• Longer response times: When response times are getting longer, it may indicate that your team doesn’t have enough capacity to handle requests in a timely manner.
  • Decreasing customer happiness: If you’re seeing a decline in your customer satisfaction ratings, it is critical to identify the core reason behind it. Hiring more staff may be needed to help free up existing employees to focus on more complex tasks, allowing you to maximize efficiency and productivity.
  • Missed customer requests: Some customer messages have missed getting a response from your team entirely. When there’s more work than your existing employees can handle, it may result in them rushing through the support queues and things slipping through the cracks.

What are the alternatives to hiring more staff?

Glad you asked! There are other ways to scale your customer service without leaping straight to drafting your next job posting. Before you hire, consider these alternatives:

Improve availability: If your existing staff is only covering, say, 8:00 - 3:00 EST, can you change their availability? You might be able to move some shifts and get more hours covered. Think about seasonal needs too, and whether you need to take on temporary seasonal staff.

Add self service options: Your staff don’t have to meet every enquiry head on. A knowledge base or FAQ are excellent ways to give your customers instant help.

Embrace automation: Reduce the load on your support team with smart use of automation. You can automate tasks such as prioritizing tickets, updating customers, asking for feedback, and tracking ticket lifecycles. Maxime Manseau, Co-Founder and CEO of Zest says:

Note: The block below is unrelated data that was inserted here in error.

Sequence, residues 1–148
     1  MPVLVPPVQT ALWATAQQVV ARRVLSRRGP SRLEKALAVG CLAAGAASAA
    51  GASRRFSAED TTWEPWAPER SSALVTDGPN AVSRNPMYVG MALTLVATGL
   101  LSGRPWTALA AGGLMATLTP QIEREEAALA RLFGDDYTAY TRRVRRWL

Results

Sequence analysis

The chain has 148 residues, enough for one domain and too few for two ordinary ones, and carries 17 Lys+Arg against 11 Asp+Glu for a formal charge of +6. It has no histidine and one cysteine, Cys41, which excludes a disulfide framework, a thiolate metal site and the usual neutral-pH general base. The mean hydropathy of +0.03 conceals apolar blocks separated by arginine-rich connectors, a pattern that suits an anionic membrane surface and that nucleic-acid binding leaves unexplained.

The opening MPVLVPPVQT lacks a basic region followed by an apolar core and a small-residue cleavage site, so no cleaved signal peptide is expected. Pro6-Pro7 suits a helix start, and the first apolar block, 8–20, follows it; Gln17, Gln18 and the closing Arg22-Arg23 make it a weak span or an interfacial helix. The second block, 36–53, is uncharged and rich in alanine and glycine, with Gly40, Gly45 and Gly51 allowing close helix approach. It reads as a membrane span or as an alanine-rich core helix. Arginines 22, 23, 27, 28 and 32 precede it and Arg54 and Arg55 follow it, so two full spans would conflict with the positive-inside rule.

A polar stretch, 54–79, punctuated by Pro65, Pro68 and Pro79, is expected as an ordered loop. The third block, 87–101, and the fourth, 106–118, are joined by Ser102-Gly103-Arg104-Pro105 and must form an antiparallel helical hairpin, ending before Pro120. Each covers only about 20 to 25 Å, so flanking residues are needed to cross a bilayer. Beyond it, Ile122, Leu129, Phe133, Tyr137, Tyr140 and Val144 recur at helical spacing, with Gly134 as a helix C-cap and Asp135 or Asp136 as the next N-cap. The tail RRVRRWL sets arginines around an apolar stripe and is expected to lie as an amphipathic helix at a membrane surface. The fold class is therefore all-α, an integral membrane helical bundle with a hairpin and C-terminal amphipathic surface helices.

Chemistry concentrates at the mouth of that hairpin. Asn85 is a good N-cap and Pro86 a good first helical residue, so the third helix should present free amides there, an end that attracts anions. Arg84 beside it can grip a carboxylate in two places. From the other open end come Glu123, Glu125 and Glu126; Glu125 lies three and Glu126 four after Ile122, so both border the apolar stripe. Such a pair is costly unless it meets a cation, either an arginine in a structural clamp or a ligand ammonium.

If you want to provide 1-on-1 customer support, you have to start by having everything else automated.

Maxime Manseau, Co-Founder and CEO of Zest

Automation frees up your agents to give proper focus and attention to your customers.

Use chatbots: Chatbots act like a digital receptionist, finding out what your customers need and directing them to a self-service resource or an agent. And customers are getting used to them, too. While 60% would still rather wait for a human, more than half are willing to talk to a chatbot before being transferred.

More than half of customers are willing to talk to a chatbot before being transferred to an agent.

Invest in the right help desk software.: Help desk software is a game changer. Yes we’re a little biased, but it’s true. Help desk software, like Enchant, helps your team collaborate, automates your workflows, prioritizes requests, and makes sure no ticket goes unanswered.

Examine your process:: Dive into the stats and see where the problems are. Look for bottlenecks such as slow response times from certain agents, or a high volume of requests about a specific issue. Now you know where to start looking for a solution.